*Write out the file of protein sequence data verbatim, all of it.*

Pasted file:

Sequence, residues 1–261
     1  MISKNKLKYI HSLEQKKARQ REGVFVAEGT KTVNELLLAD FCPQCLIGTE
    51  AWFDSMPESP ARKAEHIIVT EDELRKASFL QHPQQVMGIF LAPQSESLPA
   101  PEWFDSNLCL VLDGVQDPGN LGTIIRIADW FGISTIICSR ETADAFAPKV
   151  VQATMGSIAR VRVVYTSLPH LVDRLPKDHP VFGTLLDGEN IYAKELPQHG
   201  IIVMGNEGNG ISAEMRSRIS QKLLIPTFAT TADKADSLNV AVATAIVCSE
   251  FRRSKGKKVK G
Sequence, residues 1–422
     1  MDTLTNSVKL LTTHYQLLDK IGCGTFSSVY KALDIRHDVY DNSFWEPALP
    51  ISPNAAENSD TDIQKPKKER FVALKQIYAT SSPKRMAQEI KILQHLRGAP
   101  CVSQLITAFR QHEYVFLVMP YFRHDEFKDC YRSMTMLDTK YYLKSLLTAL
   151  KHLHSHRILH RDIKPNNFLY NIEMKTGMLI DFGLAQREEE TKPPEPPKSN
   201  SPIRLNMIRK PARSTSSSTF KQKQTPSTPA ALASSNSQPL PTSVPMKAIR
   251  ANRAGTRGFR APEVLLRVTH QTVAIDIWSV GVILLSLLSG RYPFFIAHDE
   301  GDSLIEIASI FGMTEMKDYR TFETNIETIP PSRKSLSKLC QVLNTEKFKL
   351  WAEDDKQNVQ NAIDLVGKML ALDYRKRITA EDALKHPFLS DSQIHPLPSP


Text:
Sequence, residues 1–261
     1  MISKNKLKYI HSLEQKKARQ REGVFVAEGT KTVNELLLAD FCPQCLIGTE
    51  AWFDSMPESP ARKAEHIIVT EDELRKASFL QHPQQVMGIF LAPQSESLPA
   101  PEWFDSNLCL VLDGVQDPGN LGTIIRIADW FGISTIICSR ETADAFAPKV
   151  VQATMGSIAR VRVVYTSLPH LVDRLPKDHP VFGTLLDGEN IYAKELPQHG
   201  IIVMGNEGNG ISAEMRSRIS QKLLIPTFAT TADKADSLNV AVATAIVCSE
   251  FRRSKGKKVK G
Sequence, residues 1–422
     1  MDTLTNSVKL LTTHYQLLDK IGCGTFSSVY KALDIRHDVY DNSFWEPALP
    51  ISPNAAENSD TDIQKPKKER FVALKQIYAT SSPKRMAQEI KILQHLRGAP
   101  CVSQLITAFR QHEYVFLVMP YFRHDEFKDC YRSMTMLDTK YYLKSLLTAL
   151  KHLHSHRILH RDIKPNNFLY NIEMKTGMLI DFGLAQREEE TKPPEPPKSN
   201  SPIRLNMIRK PARSTSSSTF KQKQTPSTPA ALASSNSQPL PTSVPMKAIR
   251  ANRAGTRGFR APEVLLRVTH QTVAIDIWSV GVILLSLLSG RYPFFIAHDE
   301  GDSLIEIASI FGMTEMKDYR TFETNIETIP PSRKSLSKLC QVLNTEKFKL
   351  WAEDDKQNVQ NAIDLVGKML ALDYRKRITA EDALKHPFLS DSQIHPLPSP